Sunday, May 19, 2024

Political Upheaval Spurs Revival of Poppy Farming

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The mountains are adorned with a spectacular array of colorful flowers, resembling a vibrant garden. However, upon closer inspection, one would realize that the flowers are actually poppies, not a garden of assorted blooms.


The poppy plantations that resemble a spectrum of vibrant blooms are found in Tangyan Township in Northern Shan State. It takes a hard two-hour motorbike journey from Tangyan city to get there because of the rough roads.

The area is also known to be populated by armed groups.

Poppy farm in Shan State Photo SHAN
Poppy farm in Shan State. Photo: SHAN

Loong Sai Sandi, a poppy cultivator from Tangyan, stated that, “we used to cultivate tea, but due to the tea industry’s decline and the inconvenience of waiting for the crop to come twice a year, I have to turn to cultivating poppy farm (for a half-acre)”.

Before turning to poppy cultivation, Loong Sai Sandi grew tea. However, with the outbreak of the Covid-19 pandemic and the subsequent suspension of trade, the prices of goods steadily increased. This situation was further compounded by the military coup that took place on 1st February, 2021.

As said by Loong Sai Sandi, “it appears that the weather is in my favor since it helps grow good poppies, which bring in a respectable profit. When compared to tea, which takes about two years to pay me exactly what I make from growing poppy plants for a year. That’s why I’m concentrating more on growing poppies “.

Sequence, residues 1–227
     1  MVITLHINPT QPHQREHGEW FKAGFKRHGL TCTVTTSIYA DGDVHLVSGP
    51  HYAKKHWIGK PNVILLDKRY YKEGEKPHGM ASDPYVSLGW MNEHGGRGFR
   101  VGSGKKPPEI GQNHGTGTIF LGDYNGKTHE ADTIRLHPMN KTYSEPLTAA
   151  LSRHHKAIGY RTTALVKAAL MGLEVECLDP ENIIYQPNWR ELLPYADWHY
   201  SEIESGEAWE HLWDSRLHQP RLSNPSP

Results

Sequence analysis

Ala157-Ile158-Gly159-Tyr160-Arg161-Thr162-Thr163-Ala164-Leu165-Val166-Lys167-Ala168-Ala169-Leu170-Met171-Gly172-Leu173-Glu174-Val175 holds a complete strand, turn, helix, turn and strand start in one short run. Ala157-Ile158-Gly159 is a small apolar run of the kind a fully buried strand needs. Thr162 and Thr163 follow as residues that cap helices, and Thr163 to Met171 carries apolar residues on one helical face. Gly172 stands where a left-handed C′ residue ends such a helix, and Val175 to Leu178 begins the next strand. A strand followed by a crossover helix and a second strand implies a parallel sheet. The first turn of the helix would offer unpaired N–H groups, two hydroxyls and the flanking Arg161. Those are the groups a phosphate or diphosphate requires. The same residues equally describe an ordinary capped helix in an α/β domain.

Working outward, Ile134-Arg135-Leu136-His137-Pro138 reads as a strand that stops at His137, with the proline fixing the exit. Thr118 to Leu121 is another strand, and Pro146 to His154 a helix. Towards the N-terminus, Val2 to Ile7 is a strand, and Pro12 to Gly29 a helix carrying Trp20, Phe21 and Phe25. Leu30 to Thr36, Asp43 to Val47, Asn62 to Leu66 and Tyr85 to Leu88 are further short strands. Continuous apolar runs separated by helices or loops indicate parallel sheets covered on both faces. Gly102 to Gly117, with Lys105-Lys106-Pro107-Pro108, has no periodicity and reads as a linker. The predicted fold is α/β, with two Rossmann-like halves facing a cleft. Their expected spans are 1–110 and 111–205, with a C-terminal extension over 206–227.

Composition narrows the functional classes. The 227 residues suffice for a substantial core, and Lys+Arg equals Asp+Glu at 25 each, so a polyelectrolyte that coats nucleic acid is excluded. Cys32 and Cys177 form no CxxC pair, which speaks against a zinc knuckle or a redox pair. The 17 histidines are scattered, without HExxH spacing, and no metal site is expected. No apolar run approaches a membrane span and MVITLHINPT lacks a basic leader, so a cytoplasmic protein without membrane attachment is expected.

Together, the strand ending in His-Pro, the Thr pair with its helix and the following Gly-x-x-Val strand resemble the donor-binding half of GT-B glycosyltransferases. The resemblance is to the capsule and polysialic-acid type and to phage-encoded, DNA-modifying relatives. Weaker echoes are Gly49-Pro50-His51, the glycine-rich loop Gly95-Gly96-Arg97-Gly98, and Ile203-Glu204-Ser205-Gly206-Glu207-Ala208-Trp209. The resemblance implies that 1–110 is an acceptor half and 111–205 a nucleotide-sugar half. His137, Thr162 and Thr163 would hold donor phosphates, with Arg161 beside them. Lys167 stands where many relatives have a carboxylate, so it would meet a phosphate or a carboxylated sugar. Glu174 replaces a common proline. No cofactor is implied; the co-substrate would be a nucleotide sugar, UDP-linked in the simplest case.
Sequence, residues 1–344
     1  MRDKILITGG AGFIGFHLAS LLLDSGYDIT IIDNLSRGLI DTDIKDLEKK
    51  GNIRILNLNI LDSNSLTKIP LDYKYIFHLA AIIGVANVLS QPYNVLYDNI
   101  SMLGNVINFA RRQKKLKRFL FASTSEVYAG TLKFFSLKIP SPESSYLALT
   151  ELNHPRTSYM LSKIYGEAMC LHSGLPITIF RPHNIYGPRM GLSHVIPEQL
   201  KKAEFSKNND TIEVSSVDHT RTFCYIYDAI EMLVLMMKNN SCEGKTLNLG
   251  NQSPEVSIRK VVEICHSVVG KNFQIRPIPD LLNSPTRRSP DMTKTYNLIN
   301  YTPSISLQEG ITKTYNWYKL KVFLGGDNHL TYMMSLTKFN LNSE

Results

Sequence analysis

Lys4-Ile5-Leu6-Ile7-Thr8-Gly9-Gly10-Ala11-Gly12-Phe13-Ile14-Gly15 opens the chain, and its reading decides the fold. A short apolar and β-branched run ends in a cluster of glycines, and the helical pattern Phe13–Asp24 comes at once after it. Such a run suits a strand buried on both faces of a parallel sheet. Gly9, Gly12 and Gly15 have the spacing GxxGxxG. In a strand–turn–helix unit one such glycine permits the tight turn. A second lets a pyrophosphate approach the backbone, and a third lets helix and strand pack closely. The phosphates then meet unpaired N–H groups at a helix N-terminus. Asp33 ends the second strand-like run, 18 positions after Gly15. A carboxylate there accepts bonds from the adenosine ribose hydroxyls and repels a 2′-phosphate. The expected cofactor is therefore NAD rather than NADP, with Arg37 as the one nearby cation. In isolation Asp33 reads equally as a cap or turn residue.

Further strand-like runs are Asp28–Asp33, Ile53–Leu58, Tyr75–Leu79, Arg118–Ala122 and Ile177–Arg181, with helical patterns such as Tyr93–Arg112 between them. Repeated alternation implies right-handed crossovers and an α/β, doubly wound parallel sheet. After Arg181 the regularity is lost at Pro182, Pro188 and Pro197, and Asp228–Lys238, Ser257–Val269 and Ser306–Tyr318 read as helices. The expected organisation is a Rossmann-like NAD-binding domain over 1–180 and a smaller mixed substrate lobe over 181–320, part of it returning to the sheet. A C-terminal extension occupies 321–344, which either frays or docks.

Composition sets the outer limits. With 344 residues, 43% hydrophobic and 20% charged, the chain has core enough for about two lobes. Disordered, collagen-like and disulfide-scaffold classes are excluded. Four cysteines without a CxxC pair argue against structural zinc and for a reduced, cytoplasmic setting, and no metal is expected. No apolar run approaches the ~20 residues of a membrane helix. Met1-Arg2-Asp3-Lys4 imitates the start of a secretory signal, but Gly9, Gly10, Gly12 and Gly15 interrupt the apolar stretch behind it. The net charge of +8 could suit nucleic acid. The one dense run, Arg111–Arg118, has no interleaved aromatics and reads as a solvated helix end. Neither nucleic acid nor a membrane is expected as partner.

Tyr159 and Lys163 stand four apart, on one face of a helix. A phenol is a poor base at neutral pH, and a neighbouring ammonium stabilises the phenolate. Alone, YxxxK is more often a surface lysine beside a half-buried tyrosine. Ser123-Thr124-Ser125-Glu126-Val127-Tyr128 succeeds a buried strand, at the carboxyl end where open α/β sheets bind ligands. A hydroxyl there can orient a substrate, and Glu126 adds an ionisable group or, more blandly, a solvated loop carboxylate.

According to Loong Sai Sandi, he received very little money from growing tea because of the hefty taxes and fees levied not only by various armed groups but also by the Military Council and other government agencies. The net income from growing tea could not adequately feed his family.

Opium in the poopy farm in Shan State Photo SHAN
Opium in the poopy farm in Shan State. Photo: SHAN

Due to difficulties in the tea industry and as a way to supplement their income, Loong Sai Sandi said that his family turned to poppy cultivation, which now gave them access to adequate food for self-sufficiency.

After the coup, the majority of the farmland in Tangyan Township that had been used to cultivate various crops has been converted to poppy fields. According to farmers from Tangyan, people started growing poppies instead of tea since the price of tea (fresh) was only 4,000–3,000 kyats per viss at this point.

Due to the surge in commodity prices, the cost of growing regular crops has grown to almost 1,500,000 Kyats per acre. In contrast, cultivating poppies only costs about 800,000 Kyats per acre. People in the neighborhood have stopped growing tea and started growing poppies as a result.

Loong Sai Sandi explained, “there are different armed groups in our area. We must have a sufficient income to pay the taxes that these various groups have demanded. The amount of tax collected was not as great in the past (when we still worked on tea plantations). Now, however, we must pay more taxes as requested by several groups, some of which are newly emerging”.